GraphQL is a query language for APIs that allows clients to request precisely the data they need. It was developed by Facebook to provide a more efficient and flexible alternative to traditional REST APIs. To learn more about GraphQL, visit the GraphQL site.
The LeanIX GraphQL API allows you to work with your Fact Sheets and related data. You can retrieve and manipulate Fact Sheets data using GraphQL queries and mutations. To explore more examples, see Use Cases.
The LeanIX GraphQL API adheres to the October 2021 specification for GraphQL.
To learn the basics of GraphQL, see the following:
- GraphQL Basics: Understand how queries and mutations work.
- Using GraphQL with Python: Learn how to run GraphQL queries and mutations using Python.
- Example Queries and Mutations: View examples and try them out in your workspace.
For comprehensive information about GraphQL, refer to the GraphQL documentation.
GraphQL has several benefits, such as:
- You can summarize required related data in a single request. This allows you to focus on the business logic instead of combining call results and handling different transactions.
- For large volumes of data, such as in reports or analytics, GraphQL significantly increases performance. You can transfer exactly the attributes that you need through the network, without extra latency.
- The GraphQL schema is strongly typed. It's an advantage because strong typing implies that the API is largely self-documented. You can see what the immediate response to the query will be. The schema provides descriptions for all API components, making it easier for the user to navigate the reference documentation.
- Because everything in GraphQL is schema-driven, it's easy to extend an API. You can add new fields or types without affecting existing ones.
- In GraphQL, the
@deprecatedannotation is used to mark a field or type as deprecated. This eliminates the need for versioning an API.
The GraphiQL tool in your workspace allows you to explore the GraphQL schema and interactively develop and test queries.
As an administrator, you can open the tool from your workspace. Follow these steps:
- On the user menu, select Administration.
- In the sidebar, select Developer Tools, and then select GraphiQL.
In the GraphiQL tool, you can:
- Create and execute queries in the interactive Query Editor. To define variables for a query, enter them in the Variables section in JSON format.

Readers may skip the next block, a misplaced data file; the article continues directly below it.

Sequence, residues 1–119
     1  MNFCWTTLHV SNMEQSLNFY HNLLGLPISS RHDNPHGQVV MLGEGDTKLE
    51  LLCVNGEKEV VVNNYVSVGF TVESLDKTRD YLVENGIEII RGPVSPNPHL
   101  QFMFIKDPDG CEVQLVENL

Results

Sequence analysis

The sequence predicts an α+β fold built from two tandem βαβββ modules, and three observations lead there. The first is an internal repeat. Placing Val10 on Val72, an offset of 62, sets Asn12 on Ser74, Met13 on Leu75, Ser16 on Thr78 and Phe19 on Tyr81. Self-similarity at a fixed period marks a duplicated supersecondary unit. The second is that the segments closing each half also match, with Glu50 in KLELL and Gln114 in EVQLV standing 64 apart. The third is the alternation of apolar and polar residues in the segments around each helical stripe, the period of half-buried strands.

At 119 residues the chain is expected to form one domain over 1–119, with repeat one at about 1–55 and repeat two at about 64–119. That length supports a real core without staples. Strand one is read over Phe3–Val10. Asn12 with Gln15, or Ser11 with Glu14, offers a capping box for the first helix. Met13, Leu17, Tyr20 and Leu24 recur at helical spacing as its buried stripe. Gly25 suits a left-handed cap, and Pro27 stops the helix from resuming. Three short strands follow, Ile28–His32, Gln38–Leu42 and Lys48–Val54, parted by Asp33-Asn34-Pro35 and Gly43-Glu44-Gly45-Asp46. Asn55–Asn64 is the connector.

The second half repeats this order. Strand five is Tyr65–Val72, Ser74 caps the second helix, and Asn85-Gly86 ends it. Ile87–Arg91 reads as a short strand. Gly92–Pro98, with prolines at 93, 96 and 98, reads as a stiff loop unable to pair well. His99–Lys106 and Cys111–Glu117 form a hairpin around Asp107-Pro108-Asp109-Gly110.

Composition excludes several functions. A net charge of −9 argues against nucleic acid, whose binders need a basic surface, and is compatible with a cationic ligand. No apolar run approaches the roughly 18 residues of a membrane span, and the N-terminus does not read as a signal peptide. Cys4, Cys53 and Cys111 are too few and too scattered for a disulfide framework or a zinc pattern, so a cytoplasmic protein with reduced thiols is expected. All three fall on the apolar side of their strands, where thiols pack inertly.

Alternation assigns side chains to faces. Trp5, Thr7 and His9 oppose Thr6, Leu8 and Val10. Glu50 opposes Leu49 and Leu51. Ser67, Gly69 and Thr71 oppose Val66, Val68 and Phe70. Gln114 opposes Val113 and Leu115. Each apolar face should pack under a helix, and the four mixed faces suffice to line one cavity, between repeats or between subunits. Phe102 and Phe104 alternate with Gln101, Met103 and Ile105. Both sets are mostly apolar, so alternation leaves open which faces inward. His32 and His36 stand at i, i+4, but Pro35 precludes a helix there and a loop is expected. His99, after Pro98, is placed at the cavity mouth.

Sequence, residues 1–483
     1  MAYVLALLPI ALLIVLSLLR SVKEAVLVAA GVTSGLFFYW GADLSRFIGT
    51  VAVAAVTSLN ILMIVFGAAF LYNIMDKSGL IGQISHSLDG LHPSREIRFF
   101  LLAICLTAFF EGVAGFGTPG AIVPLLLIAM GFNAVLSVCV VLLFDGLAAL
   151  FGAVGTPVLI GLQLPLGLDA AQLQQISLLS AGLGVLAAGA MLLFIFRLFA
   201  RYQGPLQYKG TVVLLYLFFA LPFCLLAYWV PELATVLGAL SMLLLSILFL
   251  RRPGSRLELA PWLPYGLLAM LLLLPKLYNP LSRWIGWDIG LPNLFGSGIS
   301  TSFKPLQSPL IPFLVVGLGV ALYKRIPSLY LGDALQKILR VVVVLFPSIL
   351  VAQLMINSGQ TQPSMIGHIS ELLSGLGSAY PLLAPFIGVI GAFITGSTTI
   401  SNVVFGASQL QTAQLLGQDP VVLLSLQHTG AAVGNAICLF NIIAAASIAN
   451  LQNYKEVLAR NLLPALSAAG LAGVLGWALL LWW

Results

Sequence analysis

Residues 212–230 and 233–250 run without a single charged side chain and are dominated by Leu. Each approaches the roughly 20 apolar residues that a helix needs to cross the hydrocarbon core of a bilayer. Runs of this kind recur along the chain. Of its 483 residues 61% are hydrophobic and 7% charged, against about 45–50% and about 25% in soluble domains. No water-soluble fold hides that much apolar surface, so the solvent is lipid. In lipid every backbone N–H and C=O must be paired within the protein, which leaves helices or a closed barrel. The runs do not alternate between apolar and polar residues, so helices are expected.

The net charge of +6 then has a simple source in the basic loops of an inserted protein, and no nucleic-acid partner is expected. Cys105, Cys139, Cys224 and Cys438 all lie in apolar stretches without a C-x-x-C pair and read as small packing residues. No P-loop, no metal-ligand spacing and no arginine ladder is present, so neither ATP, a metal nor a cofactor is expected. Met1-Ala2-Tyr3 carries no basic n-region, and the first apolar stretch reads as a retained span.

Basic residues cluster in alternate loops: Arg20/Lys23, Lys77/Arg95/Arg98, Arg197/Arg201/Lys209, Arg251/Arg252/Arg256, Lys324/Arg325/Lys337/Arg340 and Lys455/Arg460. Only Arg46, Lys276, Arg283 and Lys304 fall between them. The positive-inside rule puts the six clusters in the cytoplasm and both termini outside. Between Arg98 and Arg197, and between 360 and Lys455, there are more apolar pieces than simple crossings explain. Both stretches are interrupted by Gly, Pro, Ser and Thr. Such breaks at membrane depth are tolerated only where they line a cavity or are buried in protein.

- View the GraphQL schema. To open the schema, in the sidebar on the left, click Show Documentation Explorer.
- View your request history and open your previous requests. To expand the History section, in the sidebar, click Show History. You can delete specific or all entries, add requests to favorites, and edit the request labels.
- Interactively create queries and mutations in the Explorer section. To expand the section, in the sidebar, click Show GraphiQL Explorer. Here, you can:
- Select queries and mutations that you want to add to the Query Editor
- View and select available attributes for each query and mutation, without having to navigate to the GraphQL schema
- Duplicate, rename, and delete queries and mutations
A GraphQL schema defines the structure and capabilities of a GraphQL API.
You can explore the GraphQL schema in the Docs section in the GraphiQL tool. To expand the section, in the sidebar on the left, click Show Documentation Explorer.
To reload the GraphQL schema, in the sidebar, click Re-fetch GraphQL schema.
In the Docs section, you can:
- View a list of available queries and mutations
- Search for specific queries, mutations, fields, arguments, and other API elements
In the specification, required attributes are marked with an exclamation mark.
To retrieve the GraphQL schema metadata, use the following query.
To authenticate your requests to the GraphQL API, you need an access token. For more information, see Authentication to LeanIX Services.
When using the GraphiQL tool in your workspace, you don't need to authenticate.
Endpoint for standard GraphQL requests:
Endpoint for GraphQL file uploads:
With our GraphQL API, you can complete various tasks, such as:
- Retrieve a single Fact Sheet or a list of Fact Sheets
- Retrieve Applications with specific attributes
- Manage relations between Fact Sheets
- Update specific attributes on Fact Sheets
- Fetch data from your workspaces to build custom reports
To view example use cases, see the guides in the Fact Sheets section.
Here are some best practices for using GraphQL:
- Focus on queries and mutations that are one-off in nature or for which you don't need to regularly (such as monthly or weekly) get up-to-date information.
- Use queries to pull relatively simple information. While you can run complex queries, there are other alternative tools that you can leverage. For example, the Integration API may be an easier and more flexible choice for some use cases. Due to a complexity limit in GraphQL, long queries are denied to prevent possible Denial of Service (DOS) attacks.
- When you query a large number of Fact Sheets, use pagination. To learn more, see Pagination.
- Use GraphQL when building custom reports. GraphQL allows you to pull information presented in charts and other visual formats from your workspace. You can find examples of using GraphQL for custom reports in these guides:
You can find scripts that use GraphQL in our public LeanIX GitHub repository. Here are some examples: